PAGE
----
Can Republicans win without Hillary?

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On the roster: Can Republicans win without Hillary? - House vacancies hit 26-year high - Trump heads to Ohio to revive infrastructure plan - The Judge’s Ruling: Free from death, free in life - Not so wise, Mr. Owl

Did Donald Trump win the 2016 presidential election, or did Hillary Clinton lose it? On that question rides a great deal, not the least of which are the Republican Party’s chances to hold the House of Representatives.

As with most things in politics and life, the answer is: a little bit of both. Trump did far better than expected, connecting with voters in a way that the political intelligentia could not imagine.

One of the reasons that MAGA nation is so excited about the big ratings for the revival of the sitcom “Roseanne” is that it is taken as further evidence of the way in which traditionally Democratic, blue collar voters adore Trump. And they are not wrong.

But it would be a mistake to underestimate just how awful a candidate Clinton really was. She has provided ample reminders of her terribleness in the past year. She has intended in a book and in public appearances to re-write the record of her second presidential defeat, but only managed to remind even those who voted for her that she is astonishingly maladroit.

The two least liked, least trusted major party nominees in modern history just happened to be running in the same year and, as it turned out, Clinton was viewed with even greater disdain than her opponent, who benefitted from the absence of a record to have to defend. The devil they knew was actually not preferable to the one they didn’t.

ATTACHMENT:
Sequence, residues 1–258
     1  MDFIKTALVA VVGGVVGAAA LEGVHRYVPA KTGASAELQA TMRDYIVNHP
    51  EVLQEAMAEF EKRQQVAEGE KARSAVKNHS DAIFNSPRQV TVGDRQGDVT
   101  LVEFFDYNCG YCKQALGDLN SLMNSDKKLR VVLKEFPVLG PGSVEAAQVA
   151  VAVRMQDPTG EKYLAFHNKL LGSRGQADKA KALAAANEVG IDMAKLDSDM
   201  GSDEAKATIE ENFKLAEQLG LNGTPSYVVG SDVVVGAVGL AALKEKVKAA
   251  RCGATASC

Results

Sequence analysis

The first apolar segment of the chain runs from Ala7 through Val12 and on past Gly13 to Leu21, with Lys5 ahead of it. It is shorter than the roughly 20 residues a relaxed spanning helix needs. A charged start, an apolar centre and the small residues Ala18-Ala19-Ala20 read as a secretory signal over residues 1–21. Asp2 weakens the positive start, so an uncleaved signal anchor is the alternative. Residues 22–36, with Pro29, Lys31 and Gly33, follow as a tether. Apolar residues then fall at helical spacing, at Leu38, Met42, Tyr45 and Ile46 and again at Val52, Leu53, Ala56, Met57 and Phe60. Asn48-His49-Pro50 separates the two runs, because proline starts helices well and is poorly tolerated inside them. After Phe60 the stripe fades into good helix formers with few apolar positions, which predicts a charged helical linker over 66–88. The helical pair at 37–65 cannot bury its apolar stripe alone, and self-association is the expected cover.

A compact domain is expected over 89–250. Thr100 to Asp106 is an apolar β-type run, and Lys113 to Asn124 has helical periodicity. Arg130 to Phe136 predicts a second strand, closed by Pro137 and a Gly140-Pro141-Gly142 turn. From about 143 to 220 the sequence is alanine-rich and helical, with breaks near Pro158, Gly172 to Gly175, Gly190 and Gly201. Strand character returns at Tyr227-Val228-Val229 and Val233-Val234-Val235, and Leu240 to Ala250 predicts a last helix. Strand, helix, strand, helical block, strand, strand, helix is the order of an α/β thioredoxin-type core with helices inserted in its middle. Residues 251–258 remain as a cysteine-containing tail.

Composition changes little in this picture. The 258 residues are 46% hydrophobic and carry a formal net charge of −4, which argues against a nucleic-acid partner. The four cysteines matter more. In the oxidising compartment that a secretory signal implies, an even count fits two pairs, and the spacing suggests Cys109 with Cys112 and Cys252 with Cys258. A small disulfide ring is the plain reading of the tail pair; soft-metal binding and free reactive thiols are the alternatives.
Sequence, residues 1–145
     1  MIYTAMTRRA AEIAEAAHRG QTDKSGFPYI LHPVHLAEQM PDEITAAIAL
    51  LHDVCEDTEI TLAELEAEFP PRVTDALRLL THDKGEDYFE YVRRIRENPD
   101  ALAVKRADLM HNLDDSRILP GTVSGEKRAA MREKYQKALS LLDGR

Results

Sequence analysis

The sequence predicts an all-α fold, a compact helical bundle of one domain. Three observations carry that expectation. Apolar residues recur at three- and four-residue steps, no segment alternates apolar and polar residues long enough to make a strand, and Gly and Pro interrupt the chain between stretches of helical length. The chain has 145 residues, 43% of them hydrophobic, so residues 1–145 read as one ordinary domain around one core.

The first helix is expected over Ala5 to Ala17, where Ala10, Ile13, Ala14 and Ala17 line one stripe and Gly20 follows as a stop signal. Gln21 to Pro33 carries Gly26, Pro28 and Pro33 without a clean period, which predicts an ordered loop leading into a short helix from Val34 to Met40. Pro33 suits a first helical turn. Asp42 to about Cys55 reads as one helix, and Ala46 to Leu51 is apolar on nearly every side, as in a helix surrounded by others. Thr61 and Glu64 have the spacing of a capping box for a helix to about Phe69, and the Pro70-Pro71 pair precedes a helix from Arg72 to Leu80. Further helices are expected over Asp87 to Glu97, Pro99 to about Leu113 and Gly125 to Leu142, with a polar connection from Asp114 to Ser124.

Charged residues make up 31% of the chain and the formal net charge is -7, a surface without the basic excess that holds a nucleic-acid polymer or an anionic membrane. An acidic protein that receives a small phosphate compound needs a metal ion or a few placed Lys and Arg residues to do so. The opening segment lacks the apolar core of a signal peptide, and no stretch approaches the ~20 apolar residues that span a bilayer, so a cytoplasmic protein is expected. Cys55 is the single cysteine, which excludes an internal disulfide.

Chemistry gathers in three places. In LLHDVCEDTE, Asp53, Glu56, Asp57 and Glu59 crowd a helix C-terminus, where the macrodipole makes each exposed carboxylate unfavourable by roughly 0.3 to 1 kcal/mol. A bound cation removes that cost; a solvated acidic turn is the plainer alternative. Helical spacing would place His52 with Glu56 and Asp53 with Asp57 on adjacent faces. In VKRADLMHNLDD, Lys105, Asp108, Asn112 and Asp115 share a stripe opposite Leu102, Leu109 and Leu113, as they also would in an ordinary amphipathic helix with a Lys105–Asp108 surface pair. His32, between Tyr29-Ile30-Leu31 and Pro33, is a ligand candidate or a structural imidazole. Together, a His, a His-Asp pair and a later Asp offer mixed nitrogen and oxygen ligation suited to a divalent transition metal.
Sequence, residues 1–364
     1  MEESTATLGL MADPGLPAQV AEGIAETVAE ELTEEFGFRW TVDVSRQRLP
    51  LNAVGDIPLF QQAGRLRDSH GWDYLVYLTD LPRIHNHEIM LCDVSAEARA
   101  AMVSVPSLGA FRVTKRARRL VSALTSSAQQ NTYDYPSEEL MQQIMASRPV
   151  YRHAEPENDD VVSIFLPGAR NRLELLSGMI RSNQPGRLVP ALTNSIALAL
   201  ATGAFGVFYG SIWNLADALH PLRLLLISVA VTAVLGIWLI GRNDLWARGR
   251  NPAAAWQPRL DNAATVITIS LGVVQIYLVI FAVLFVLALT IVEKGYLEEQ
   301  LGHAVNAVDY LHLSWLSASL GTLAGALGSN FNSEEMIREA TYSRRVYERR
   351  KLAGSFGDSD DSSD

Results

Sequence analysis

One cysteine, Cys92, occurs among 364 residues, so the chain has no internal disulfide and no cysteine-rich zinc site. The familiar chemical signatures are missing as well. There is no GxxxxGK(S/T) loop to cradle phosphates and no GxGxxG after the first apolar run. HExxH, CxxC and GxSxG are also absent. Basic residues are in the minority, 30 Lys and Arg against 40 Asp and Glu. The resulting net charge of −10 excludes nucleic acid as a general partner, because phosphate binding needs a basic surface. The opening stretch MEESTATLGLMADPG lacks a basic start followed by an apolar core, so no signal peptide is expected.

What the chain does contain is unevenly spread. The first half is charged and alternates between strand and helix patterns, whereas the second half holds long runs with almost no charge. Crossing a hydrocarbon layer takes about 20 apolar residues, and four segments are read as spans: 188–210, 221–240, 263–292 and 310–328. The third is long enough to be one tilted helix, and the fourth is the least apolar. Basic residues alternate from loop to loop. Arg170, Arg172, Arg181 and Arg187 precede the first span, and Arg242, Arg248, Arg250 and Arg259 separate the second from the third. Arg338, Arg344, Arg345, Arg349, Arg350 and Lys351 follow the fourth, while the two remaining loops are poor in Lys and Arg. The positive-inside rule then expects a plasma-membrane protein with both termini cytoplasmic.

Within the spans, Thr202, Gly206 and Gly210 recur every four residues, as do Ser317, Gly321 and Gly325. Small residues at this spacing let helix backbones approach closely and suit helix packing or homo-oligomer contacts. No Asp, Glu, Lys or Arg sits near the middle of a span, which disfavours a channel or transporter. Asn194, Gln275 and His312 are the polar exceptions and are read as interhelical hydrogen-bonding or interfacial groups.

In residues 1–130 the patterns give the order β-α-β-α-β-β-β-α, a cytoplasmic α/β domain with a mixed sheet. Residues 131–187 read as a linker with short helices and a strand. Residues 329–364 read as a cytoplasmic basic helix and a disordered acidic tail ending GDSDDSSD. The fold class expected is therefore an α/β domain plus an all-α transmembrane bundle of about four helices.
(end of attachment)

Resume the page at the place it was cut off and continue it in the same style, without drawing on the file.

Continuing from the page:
The reason the proportion of causation for Trump’s 2016 victory is so important is that if we knew whether he won or she lost we would know what lasting lessons that election might teach us.

Republicans are hoping that the answer is more that Trump won since that would mean that they could run to hold Congress as promising to deliver on his campaign promises.

Democrats, meanwhile, hope that it was Clinton’s fault and that with her at least mostly out of the picture the political climate can return to something more like what it was before.

And so we turn to our favorite political laboratory of late, Pennsylvania.

A Keystone State survey just out from Franklin and Marshall College reinforces the message of a recent special election in the Pittsburg area. The poll shows that incumbent Democratic Gov. Tom Wolf and incumbent Democratic Sen. Bob Casey Jr. are absolutely demolishing their likely Republican challengers in the fall.

Now, a word of caution here. The Republican challengers are far less well known than the incumbents, a fact which will be changed in the coming months as money and advertisements begin to flow.